abcdefghij klmnopqrst uvwxyz

function returns 1

reformatting rules
• A paragraph break is indicated in the input by one or more consecutive lines that contain no words (i.e., are empty or contain only whitespace characters).
• The first word in the input following a paragraph break will be the first word of a new paragraph in the output.
• If a paragraph has already been output, the new paragraph must be separated from the one that precedes it by an empty line (i.e., a line with no characters other than the terminating newline). The very first output paragraph must not be preceded by an empty line

I•love•to•keep•it•by•me:•the•idea•of getting•rid•of•it•nearly•breaks•my heart.

You•cannot•give•me•too•much•work;•to accumulate•work•has•almost•become•a passion•with•me:

more rules
• Your reformat function and any functions you write that it calls directly or indirectly must not use any std::string objects. If you need to use a string, use a C string.
• Your function may assume that no input line will be 200 or more characters long.
• This project is doable without assuming any upper limit for the output line length (the third parameter of reformat) — rather than storing the parts of an output line in a C string to be written later, you instead write them as soon as you can. However, some people may not figure out how to do that, so we'll give you a choice. If the third parameter of reformat is greater than 500, your implementation of reformat must either:
• return 2 without writing any output
• reformat the text using the indicated line length, returning 0 or 1 as appropriate (i.e., your algorithm doesn't impose any upper limit on the output line length). Implementing this choice correctly is worth 5 bonus points.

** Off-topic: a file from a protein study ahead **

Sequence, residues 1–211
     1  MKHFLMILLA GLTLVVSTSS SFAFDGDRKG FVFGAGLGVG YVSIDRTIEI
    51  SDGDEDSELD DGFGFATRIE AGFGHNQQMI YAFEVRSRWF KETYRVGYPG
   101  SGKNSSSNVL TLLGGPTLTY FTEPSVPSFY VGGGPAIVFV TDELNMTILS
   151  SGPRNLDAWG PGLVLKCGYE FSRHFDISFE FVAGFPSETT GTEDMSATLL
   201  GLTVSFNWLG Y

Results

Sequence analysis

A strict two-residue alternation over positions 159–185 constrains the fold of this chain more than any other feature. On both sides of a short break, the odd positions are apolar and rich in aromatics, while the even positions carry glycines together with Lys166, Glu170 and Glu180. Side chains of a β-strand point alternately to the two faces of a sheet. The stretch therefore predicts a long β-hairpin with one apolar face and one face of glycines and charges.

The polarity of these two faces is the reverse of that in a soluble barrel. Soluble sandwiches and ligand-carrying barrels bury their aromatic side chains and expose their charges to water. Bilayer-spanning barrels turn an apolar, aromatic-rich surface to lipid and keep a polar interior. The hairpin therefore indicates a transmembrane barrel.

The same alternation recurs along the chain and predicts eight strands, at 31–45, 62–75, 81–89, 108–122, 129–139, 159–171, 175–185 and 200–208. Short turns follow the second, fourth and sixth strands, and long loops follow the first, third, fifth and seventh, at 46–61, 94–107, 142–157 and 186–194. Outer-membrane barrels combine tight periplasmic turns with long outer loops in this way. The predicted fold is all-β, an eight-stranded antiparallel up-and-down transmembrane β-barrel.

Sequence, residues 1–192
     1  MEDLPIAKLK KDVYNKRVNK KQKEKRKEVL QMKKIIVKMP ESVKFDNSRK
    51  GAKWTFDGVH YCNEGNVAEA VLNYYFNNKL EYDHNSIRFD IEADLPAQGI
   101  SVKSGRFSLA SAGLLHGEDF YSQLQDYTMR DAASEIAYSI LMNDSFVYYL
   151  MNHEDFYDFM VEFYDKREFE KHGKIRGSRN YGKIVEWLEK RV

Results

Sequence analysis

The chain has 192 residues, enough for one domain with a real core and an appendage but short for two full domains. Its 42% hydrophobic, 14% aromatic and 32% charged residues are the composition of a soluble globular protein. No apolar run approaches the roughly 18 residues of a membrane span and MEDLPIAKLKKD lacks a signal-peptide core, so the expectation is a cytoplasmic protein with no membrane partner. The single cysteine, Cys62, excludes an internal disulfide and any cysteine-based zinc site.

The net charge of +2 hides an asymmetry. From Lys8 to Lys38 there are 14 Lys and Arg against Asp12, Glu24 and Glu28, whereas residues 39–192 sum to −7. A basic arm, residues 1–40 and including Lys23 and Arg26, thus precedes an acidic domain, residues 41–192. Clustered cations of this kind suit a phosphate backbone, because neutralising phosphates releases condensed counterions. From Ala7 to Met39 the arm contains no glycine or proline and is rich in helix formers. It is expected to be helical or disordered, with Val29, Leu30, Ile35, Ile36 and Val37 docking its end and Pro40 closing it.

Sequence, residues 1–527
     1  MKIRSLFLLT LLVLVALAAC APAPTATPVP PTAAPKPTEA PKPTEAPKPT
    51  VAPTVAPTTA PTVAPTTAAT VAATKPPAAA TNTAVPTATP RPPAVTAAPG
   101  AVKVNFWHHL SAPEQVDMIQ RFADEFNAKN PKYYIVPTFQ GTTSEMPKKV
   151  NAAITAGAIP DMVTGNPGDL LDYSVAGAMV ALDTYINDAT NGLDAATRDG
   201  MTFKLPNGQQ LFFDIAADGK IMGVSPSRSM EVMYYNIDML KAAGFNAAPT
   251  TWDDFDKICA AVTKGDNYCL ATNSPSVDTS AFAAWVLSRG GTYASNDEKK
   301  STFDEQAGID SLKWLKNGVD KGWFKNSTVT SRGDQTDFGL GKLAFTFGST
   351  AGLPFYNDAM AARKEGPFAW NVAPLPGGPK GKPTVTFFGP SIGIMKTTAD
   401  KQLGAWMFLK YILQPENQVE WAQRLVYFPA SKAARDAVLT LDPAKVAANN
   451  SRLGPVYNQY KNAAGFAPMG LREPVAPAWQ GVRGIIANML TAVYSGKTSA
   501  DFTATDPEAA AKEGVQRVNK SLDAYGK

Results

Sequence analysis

File I/O
• #include <iostream> #include <fstream>
• ifstream
• input file stream type
• this object will be associated with a particular file
• ofstream
• output file stream type
• this object will be associated with a particular file
• Break down the function into two major tasks
• one fetches next word from the input text file
• identifies the next interest is a word, paragraph break, or the end of file
• if it is a word, get the word
• the other one writes the fetched word according to the defined format
• will it be the first word in a line?
• will it be the last word in a line?
• does it end with period/question mark/exclamation?
getting next word
• basically deliver a single word to the reformat function
• read single character in text file
• .get() function
• need code that skips redundant spaces
• isspace() function
• is this word preceded by a newline?
• is this word followed by a newline?
sample code

bool getWord(istream& inf, char outWord[], int& wordLen)

{

char c;

int index = 0;

do

{

if ( ! inf.get(c))

return false;

} while (isspace(c));

do

{

outWord[index] = c;

index++;

if ( ! inf.get(c))

break;

} while( ! isspace(c));

outWord[index] = '\0';

wordLen = index;

return true;

}

int main ()

{

ifstream inf("input.txt");

char word[200];

int wordLen;

while (getWord(inf, word, wordLen))

{

cout << word << " : ";

cout << wordLen << endl;

}

}

Hello everyone, my name is Sungwon Yang.

Nice to meet you!

Hello : 5

everyone, : 9

my : 2

name : 4

is : 2

Sungwon : 7

Yang. : 5

Nice : 4

to : 2

meet : 4

you! : 4

sample code
• it eliminates all spaces/newlines
• need to add some code that identifies line breaks

Hello everyone, my name is Sungwon Yang.

Nice to meet you!

Hello : 5

everyone, : 9

my : 2

name : 4

is : 2

Sungwon : 7

Yang. : 5

Nice : 4

to : 2

meet : 4

you! : 4

writing text in file
• it is very similar to cout object

int main ()

{

ofstream outText("result.txt");

char space = ' ';

char newline = '\n';

char word1[10] = "Hello,";

char word2[10] = "how";

char word3[10] = "are";

char word4[10] = "you?";

outText << word1 << newline;

outText << word2 << space << word3 << space << word4;

}

Hello,

how are you?